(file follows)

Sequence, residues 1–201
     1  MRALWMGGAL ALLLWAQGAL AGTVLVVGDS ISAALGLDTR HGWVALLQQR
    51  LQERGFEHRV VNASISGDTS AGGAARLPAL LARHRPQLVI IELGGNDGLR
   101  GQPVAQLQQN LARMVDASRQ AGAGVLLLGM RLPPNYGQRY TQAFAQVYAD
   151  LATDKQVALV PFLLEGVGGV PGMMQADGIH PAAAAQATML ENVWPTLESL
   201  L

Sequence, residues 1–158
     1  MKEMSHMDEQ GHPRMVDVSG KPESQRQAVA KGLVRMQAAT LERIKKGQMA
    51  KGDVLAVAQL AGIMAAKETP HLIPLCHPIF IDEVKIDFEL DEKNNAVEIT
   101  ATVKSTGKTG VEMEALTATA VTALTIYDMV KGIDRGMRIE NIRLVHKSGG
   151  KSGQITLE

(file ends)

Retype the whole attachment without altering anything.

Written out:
Sequence, residues 1–201
     1  MRALWMGGAL ALLLWAQGAL AGTVLVVGDS ISAALGLDTR HGWVALLQQR
    51  LQERGFEHRV VNASISGDTS AGGAARLPAL LARHRPQLVI IELGGNDGLR
   101  GQPVAQLQQN LARMVDASRQ AGAGVLLLGM RLPPNYGQRY TQAFAQVYAD
   151  LATDKQVALV PFLLEGVGGV PGMMQADGIH PAAAAQATML ENVWPTLESL
   201  L

Sequence, residues 1–158
     1  MKEMSHMDEQ GHPRMVDVSG KPESQRQAVA KGLVRMQAAT LERIKKGQMA
    51  KGDVLAVAQL AGIMAAKETP HLIPLCHPIF IDEVKIDFEL DEKNNAVEIT
   101  ATVKSTGKTG VEMEALTATA VTALTIYDMV KGIDRGMRIE NIRLVHKSGG
   151  KSGQITLE